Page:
Thermal Conductors: Runtime Software Support For Proactive Head Management In Advances Execution Systems

Start Date: 08/01/2007
End Date: 08/01/2008

Peta-scale systems are needed to meet the computational demands of distributed simulations. The heat produced by the components in these systems continues to grow despite extensive research in power- and thermal-aware computing. Tight coupling of tens of thousands of these components produces enough heat to increase failure rates and trigger system slowdowns. Dissipating the heat requires costly, dedicated cooling systems. Techniques are needed to reduce the heat produced by large-scale systems.

We are building an infrastructure to enable automated thermal management in advanced execution systems. Specifically, we have two research goals:

1) create a framework for distributed runtime thermal profiling; and 2) create proactive control techniques to reduce distributed application and system thermals on individual high-end components. We are integrating our research in new courses, targeting and recruiting minority students for research activities through the VT MAOP program, and conducting outreach activities to encourage student research in high-end computing.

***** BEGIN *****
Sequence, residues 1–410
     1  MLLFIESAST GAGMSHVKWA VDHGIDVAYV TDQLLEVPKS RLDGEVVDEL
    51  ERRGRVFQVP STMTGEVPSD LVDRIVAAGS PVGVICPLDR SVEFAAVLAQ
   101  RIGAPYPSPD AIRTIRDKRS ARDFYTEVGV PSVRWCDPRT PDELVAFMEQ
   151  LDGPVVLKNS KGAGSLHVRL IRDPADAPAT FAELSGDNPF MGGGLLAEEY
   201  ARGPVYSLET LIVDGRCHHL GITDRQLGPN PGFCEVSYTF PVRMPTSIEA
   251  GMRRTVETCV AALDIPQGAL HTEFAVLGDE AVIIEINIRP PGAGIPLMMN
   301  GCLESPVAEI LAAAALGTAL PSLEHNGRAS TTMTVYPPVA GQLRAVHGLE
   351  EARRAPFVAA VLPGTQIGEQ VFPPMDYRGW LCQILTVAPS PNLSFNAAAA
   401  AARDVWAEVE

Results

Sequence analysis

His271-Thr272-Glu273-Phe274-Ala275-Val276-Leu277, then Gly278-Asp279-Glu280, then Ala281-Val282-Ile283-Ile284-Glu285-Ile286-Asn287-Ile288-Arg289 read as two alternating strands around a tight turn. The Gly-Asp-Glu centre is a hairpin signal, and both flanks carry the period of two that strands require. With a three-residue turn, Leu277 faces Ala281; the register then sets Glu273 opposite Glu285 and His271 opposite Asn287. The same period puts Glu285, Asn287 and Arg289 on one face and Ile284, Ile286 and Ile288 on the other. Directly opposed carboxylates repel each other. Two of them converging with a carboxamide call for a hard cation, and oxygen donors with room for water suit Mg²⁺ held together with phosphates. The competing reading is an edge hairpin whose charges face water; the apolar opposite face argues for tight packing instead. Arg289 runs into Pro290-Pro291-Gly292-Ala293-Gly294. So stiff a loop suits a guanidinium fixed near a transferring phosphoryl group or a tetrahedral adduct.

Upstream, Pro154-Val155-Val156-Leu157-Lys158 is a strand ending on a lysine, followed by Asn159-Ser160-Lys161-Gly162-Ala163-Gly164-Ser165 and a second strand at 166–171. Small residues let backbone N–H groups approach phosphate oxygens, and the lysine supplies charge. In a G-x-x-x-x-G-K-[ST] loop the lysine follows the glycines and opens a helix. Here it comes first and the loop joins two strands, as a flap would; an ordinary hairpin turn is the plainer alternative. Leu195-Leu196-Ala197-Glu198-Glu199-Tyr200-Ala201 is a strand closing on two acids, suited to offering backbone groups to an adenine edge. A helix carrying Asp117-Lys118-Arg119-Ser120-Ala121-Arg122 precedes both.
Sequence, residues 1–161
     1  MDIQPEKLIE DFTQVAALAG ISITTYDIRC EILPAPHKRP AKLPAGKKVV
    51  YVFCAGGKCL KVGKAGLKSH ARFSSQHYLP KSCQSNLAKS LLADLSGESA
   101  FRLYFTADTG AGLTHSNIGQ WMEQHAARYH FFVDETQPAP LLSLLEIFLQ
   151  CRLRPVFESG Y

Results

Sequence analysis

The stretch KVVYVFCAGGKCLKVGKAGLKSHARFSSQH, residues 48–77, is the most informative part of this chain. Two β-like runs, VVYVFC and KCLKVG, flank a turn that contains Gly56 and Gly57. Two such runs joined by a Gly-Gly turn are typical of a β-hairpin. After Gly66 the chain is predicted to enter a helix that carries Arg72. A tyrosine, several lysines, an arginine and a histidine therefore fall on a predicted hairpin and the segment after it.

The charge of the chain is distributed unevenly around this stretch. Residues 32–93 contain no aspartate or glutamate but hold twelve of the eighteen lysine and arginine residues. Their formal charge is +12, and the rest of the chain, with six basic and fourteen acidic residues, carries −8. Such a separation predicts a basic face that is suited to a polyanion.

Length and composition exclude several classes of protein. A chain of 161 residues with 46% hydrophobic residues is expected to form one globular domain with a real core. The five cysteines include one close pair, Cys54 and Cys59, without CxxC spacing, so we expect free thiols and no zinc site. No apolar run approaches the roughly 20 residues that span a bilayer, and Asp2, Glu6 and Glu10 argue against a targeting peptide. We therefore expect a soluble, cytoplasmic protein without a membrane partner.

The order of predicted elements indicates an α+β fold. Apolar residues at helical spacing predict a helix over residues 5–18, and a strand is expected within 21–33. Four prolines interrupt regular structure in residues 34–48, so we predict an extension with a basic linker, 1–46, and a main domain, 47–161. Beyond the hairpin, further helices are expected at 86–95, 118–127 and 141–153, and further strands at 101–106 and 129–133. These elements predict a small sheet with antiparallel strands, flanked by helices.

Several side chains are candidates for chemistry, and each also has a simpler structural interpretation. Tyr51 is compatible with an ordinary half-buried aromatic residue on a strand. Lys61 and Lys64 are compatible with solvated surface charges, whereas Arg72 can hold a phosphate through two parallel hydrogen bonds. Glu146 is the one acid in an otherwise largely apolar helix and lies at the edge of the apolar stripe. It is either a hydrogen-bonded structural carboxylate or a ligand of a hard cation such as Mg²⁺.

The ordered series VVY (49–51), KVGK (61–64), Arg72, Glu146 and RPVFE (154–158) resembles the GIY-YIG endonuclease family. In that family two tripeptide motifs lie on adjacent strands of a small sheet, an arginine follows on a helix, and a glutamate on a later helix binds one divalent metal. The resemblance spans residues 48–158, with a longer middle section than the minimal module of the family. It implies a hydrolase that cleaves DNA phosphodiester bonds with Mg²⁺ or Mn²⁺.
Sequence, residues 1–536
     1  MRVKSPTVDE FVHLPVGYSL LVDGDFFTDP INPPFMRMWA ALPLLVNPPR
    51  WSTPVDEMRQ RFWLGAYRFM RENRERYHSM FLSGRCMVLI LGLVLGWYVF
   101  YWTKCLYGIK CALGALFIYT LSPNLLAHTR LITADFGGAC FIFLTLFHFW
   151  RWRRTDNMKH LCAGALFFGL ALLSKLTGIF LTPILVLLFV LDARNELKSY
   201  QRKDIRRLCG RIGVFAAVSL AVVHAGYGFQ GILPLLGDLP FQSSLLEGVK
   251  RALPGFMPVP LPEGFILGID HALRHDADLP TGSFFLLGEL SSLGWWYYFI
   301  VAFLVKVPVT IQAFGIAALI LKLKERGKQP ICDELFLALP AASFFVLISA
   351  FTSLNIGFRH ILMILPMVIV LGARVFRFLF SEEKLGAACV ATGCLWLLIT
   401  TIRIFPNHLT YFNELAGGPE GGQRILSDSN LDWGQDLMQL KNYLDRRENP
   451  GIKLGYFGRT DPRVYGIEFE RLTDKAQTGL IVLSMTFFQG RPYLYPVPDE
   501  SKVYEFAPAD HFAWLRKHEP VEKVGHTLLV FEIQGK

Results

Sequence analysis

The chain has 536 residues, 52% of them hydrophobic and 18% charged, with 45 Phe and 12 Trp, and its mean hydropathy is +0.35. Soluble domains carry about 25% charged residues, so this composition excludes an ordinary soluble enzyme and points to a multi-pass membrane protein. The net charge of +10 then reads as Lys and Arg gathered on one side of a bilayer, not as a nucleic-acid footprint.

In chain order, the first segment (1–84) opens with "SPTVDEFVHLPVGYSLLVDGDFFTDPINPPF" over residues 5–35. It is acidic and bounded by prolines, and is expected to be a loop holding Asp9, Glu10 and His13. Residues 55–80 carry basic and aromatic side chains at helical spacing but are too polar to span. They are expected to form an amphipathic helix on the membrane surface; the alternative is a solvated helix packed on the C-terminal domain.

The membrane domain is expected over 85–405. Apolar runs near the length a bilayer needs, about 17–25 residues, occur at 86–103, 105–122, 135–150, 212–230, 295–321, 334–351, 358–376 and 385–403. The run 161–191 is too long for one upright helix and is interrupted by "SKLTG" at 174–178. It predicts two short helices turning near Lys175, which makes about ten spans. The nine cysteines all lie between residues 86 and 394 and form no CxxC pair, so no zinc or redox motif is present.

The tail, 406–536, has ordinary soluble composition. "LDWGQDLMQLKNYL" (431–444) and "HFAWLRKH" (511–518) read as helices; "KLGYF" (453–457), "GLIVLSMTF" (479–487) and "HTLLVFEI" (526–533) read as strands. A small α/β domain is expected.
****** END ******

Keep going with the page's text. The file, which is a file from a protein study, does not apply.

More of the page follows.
We are creating technologies that will improve the efficiency and reliability of distributed simulations generally. All of our software tools and techniques will be open source and made available to the public in our website repository. This impacts a broad range of disciplines that perform simulation-based experimentation including computational physics, biology, and chemistry. Additionally, reducing the heat dissipation of large-scale applications will reduce operational costs for computational centers, increase system reliability, and impact the environment indirectly through energy conservation.

Grant Institution: National Science Foundation

Amount: $69,992

People associated with this grant:

Kirk Cameron
Dimitris Nikolopoulos